In late 2005, we began thinking about education and college classrooms as another forum in which we might further develop our methods for facilitated, small-group discussions of broad public policy topics. We were drawn to this approach by certain key similarities between education and our evolving approach to public discussion:
- Time – both have a longer-term framework and don’t impose demands for immediate pay-offs
- Developmental – both are focused on exploration and development as valuable activities in their own right
- Discussion and interactivity – both value continuing discussion, dialogue, and discourse as important democratic and life skills
- Civic engagement – both attempt to increase individual engagement with the political and policy realms.
These similarities have led us to support a number of education-related discussion efforts. Summer Institutes. We have sponsored and hosted two “Summer Institutes” in 2006 and 2009. In these summer conferences, we worked with interested college professors to adapt elements of our discussion process to the college classroom. Out of each of these summer programs, the Foundation has supported a variety of college courses that employ significant aspects of the IF discussion process. Our work with the Summer Institute faculty members has been very productive—both for us and, we hope, for the faculty members. We are continuing to work with many of them—not only on course design and implementation but also on a number of other collaborative research and discussion-related projects. Wesleyan College-IF Collaboration. In the spring and summer of 2012, we began collaborating with faculty at Wesleyan College in Macon, Georgia on a first-year seminar program that would employ the IF discussion method for student-led discussion. Over the past school year (2012-2013), this collaboration has been very productive.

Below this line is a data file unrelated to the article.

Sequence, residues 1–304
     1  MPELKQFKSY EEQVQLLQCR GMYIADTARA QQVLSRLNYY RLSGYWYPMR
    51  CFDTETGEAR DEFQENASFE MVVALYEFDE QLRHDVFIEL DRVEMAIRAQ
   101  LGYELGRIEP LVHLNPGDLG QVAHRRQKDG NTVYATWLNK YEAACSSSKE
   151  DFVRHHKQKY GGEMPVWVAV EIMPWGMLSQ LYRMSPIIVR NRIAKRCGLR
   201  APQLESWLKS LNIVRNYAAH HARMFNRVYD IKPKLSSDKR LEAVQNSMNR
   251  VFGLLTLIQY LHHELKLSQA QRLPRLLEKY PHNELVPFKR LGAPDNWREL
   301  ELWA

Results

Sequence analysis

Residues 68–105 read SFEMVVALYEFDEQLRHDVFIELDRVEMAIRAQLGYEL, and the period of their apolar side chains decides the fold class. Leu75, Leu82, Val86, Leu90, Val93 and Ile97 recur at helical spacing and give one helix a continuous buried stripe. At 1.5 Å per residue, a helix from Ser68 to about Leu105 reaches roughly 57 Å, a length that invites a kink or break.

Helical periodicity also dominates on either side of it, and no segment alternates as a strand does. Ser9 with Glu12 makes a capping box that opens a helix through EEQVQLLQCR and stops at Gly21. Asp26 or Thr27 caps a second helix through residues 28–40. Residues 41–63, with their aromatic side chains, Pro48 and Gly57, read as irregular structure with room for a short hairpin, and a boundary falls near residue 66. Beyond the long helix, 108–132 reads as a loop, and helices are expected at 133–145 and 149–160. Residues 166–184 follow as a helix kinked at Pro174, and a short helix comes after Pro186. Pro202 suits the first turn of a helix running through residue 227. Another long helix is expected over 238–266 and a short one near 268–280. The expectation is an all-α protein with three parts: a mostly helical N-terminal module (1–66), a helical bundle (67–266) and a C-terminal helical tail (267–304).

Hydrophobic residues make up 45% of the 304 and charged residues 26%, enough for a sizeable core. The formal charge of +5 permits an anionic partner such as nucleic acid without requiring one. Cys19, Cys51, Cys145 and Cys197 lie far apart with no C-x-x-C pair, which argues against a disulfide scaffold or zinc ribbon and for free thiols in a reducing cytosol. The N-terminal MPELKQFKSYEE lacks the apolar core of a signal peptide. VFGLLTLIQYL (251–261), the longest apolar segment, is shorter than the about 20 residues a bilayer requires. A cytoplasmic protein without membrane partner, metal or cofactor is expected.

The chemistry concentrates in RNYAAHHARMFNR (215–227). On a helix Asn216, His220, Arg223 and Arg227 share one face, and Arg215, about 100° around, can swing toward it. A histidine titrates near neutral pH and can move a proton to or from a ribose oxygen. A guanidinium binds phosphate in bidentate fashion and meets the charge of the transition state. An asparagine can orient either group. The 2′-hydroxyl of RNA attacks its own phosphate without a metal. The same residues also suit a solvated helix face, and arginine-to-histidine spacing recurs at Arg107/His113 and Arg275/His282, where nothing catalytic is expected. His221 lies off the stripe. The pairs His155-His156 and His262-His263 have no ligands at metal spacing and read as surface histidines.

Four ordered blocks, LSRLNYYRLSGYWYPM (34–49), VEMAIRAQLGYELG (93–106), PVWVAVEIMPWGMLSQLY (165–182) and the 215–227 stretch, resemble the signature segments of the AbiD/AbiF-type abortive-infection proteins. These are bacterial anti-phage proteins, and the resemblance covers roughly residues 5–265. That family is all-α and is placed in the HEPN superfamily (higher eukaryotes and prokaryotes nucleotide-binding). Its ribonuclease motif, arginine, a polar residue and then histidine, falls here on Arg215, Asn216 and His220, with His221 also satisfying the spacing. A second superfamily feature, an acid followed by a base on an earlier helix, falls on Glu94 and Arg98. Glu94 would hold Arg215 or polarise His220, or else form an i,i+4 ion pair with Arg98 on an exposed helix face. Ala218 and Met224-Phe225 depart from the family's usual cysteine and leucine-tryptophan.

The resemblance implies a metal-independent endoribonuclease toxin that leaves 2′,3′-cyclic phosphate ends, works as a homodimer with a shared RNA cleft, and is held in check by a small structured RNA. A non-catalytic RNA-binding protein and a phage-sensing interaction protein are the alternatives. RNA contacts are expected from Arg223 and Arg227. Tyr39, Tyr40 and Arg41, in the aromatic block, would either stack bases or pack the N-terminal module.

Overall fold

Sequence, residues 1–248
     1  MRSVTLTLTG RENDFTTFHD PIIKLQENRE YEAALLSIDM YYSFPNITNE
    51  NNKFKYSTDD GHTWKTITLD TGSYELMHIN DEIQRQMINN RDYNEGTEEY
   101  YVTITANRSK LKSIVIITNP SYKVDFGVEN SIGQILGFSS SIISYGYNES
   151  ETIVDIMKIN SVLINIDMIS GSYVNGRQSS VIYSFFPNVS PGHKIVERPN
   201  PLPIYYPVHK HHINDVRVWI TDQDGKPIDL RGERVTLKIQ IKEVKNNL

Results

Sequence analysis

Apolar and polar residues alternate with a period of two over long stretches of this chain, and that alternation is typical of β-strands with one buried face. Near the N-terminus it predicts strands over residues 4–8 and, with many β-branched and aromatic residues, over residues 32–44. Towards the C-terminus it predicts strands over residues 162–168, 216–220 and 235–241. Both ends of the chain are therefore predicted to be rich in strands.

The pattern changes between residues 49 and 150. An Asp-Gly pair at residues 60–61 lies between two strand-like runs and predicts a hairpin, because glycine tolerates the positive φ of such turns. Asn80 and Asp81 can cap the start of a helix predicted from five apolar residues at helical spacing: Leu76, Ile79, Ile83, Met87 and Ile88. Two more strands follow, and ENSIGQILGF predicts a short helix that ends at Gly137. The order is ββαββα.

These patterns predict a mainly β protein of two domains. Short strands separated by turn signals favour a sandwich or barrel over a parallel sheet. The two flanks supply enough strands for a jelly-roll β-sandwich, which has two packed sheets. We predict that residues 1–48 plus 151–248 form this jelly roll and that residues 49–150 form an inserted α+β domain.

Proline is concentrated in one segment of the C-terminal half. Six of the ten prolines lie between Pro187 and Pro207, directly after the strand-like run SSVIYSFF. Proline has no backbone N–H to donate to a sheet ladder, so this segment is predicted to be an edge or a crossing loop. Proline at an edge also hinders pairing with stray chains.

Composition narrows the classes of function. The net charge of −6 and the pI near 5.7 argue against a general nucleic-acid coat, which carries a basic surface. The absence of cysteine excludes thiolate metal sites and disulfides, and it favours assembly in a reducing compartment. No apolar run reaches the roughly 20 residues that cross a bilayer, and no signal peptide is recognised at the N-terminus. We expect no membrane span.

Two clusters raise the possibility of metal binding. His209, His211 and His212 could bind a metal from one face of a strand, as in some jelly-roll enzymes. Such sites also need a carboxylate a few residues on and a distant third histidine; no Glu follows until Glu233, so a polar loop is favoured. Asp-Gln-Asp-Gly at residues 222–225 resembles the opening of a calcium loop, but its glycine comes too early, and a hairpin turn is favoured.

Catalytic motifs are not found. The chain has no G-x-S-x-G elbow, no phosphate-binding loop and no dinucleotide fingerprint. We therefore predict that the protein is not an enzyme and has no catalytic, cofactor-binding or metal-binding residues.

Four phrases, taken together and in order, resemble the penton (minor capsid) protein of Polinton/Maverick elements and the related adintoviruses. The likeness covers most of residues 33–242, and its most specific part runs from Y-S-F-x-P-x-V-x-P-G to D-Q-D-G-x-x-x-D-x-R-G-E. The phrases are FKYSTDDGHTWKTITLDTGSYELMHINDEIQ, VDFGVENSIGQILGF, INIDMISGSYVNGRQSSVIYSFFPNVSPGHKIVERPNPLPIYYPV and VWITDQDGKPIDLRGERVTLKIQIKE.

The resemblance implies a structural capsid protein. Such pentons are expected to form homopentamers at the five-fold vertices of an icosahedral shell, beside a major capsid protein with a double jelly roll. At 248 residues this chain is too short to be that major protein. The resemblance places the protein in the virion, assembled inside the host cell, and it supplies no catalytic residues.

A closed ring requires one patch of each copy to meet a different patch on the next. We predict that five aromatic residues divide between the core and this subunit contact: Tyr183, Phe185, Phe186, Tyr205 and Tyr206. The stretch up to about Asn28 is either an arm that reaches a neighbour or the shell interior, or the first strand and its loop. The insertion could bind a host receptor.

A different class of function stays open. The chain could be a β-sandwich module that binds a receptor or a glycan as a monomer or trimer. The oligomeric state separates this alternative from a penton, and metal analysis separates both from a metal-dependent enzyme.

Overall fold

Other Education-Related Activities.
- Research Projects. From time to time, IF engages in and provides support for a variety of research projects focused on our classroom discussion process, though we also support research on our public and project discussions as well.
- Sponsoring Public Discussions of our reports by various college faculty and other scholars
- Teaching Aids, Guidebooks, and academic papers. We have developed a number of teaching aids, facilitation guidebooks, and other support materials for using aspects of the IF discussion process in classroom discussions. We have also supported the development of a number of academic papers on related topics.
- U.S. State Department’s Junior Faculty Development Program. In 2010-2012, two of our Fellows in the D.C. area led a facilitation training program for foreign faculty.
- IF Interns & Residents. We also collaborate with certain undergraduate students, and post-graduate students on particular projects and activities.